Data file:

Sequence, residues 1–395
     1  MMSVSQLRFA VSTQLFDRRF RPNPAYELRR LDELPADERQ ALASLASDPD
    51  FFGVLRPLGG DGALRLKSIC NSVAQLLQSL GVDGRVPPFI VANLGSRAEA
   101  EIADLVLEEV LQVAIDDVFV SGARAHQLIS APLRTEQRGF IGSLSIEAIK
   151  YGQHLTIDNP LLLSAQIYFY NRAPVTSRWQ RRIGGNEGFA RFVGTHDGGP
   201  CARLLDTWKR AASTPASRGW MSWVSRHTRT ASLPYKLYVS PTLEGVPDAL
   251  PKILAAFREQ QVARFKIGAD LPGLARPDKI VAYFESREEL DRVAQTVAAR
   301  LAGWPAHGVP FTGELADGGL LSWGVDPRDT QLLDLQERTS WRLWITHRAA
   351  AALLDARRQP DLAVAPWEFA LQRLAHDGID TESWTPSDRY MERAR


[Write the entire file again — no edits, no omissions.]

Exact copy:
Sequence, residues 1–395
     1  MMSVSQLRFA VSTQLFDRRF RPNPAYELRR LDELPADERQ ALASLASDPD
    51  FFGVLRPLGG DGALRLKSIC NSVAQLLQSL GVDGRVPPFI VANLGSRAEA
   101  EIADLVLEEV LQVAIDDVFV SGARAHQLIS APLRTEQRGF IGSLSIEAIK
   151  YGQHLTIDNP LLLSAQIYFY NRAPVTSRWQ RRIGGNEGFA RFVGTHDGGP
   201  CARLLDTWKR AASTPASRGW MSWVSRHTRT ASLPYKLYVS PTLEGVPDAL
   251  PKILAAFREQ QVARFKIGAD LPGLARPDKI VAYFESREEL DRVAQTVAAR
   301  LAGWPAHGVP FTGELADGGL LSWGVDPRDT QLLDLQERTS WRLWITHRAA
   351  AALLDARRQP DLAVAPWEFA LQRLAHDGID TESWTPSDRY MERAR